The police murder, no the summary execution, of eighteen-year-old Michael Brown in the streets of Ferguson, Missouri shortly after midday on August 9, 2014 has to be the final straw. The murder of unarmed young black youth, especially young black males, in the United States is a national pandemic. The executions of Michael Brown, following upon that of Eric Garner, Jordan Davis, Renisha McBride, Oscar Grant, and many hundreds or even thousands more from the last year; testify bloodily to the delusion behind liberal declarations that the Age of Obama is the beginning of a post-racial era in the U.S. Similarly, the deaths of these young people of color mocks the recent Pharrell Williams statement to Oprah on the arrival of the “New Black” who doesn’t see race because:
“The new black doesn’t blame other races for our issues. The new black dreams and realizes that it’s not a pigmentation; it’s a mentality. And it’s either going to work for you, or it’s going to work against you. And you’ve got to pick the side you’re gonna be on.”
Two of the most important unstated issues here Bill Maher quotation above are 1) the kind of religion to which he refers, and 2) the nature of story-making itself as implied by Maher’s assertion that God defeating his nemesis the Devil would mean that there is no story.
Maher correctly shows that the mythical, dogmatic religions are the ultimate hustle. The focus of these dogmatic religious forms on social control via stories of the “In” group vs the “Out” group, the “Chosen” versus the “Other,” the “Saved” vs the “Damned,” the “Saints” vs the “Infidels,” the “Orthodox” vs the “Heterodox,” the “True Believers” vs the “Heretics,” etc. clearly is demonstrated by the consistent pattern of History, the alignment of special interests who profit from promoting those stories inside communities of people whom they have sought to control for political and economic benefit, and the fungible and amorphous meaning of the words and terms used to distinguish people in the “In” group versus the “Other.”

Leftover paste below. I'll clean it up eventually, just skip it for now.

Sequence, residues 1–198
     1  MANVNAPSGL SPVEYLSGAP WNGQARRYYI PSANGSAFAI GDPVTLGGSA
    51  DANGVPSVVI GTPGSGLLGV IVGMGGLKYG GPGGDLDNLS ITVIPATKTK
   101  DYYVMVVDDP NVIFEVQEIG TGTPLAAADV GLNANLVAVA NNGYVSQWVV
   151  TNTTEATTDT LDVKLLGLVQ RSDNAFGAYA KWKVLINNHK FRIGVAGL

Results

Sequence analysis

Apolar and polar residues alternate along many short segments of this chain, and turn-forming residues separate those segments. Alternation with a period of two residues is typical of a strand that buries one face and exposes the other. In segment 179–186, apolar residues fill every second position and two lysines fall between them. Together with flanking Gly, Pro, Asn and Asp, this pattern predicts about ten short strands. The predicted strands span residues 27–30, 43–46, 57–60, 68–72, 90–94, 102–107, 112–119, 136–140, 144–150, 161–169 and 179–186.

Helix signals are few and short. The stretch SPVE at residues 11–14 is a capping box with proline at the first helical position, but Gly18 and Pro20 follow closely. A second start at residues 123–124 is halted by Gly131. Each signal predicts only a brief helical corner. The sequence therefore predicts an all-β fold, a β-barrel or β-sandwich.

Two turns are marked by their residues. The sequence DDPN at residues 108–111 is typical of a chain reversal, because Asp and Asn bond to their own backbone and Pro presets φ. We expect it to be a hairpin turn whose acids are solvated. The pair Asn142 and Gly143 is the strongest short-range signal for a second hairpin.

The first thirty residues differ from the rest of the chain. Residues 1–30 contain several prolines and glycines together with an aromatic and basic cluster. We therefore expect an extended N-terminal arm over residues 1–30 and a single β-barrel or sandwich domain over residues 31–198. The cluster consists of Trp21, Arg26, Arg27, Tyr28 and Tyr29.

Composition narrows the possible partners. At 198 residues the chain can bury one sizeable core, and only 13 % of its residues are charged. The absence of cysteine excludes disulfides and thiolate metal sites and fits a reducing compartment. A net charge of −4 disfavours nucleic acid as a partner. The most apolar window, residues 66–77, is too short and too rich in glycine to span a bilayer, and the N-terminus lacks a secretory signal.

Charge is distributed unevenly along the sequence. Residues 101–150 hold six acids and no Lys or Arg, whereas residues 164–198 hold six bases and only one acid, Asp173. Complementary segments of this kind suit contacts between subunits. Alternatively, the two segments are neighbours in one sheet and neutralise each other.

An Astrological Testament: Thoughts of a Classically Educated Autodidact on the Meaning of Astrology and the Role of Astrologer
The following essay is intended for those who would grace me with the distinct and uniquely humbling honor of entrusting me with astrological consultation. I do not take the practice of this most sacred and ancient of the human spiritual arts lightly, but rather I recognize the weighty responsibility with which I am entrusted when a client seeks out my astrological interpretations. In the last few decades, and especially so since the turn of the millennium, nearly every human being has lived through a time which may probably come to known as Great Unraveling. The impact of the Great Unraveling and its responsibility for dissolving the metaphysical underpinnings of global civilization, especially in the West, cannot be understated. Religious people of a more socially conservative bent feel more defensive, if not directly threatened, than ever as the traditional Christian churches have been experiencing a sharp fall in the numbers of their congregations. Likewise, modernist liberals have been facing embattlement as public trust and major institutions buckle under the negative impacts of widening socio-economic inequality; public support for science has been eroding and the collective political will to solve major problems has rarely appeared more enervated.